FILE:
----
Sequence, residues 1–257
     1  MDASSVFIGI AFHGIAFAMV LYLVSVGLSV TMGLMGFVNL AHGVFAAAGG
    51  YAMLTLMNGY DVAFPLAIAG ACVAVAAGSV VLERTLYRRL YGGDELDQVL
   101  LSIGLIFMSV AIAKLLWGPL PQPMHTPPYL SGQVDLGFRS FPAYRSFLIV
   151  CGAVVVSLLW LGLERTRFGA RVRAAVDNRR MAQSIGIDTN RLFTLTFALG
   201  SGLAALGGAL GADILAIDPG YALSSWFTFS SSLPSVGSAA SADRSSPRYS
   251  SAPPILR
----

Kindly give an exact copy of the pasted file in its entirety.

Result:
Sequence, residues 1–257
     1  MDASSVFIGI AFHGIAFAMV LYLVSVGLSV TMGLMGFVNL AHGVFAAAGG
    51  YAMLTLMNGY DVAFPLAIAG ACVAVAAGSV VLERTLYRRL YGGDELDQVL
   101  LSIGLIFMSV AIAKLLWGPL PQPMHTPPYL SGQVDLGFRS FPAYRSFLIV
   151  CGAVVVSLLW LGLERTRFGA RVRAAVDNRR MAQSIGIDTN RLFTLTFALG
   201  SGLAALGGAL GADILAIDPG YALSSWFTFS SSLPSVGSAA SADRSSPRYS
   251  SAPPILR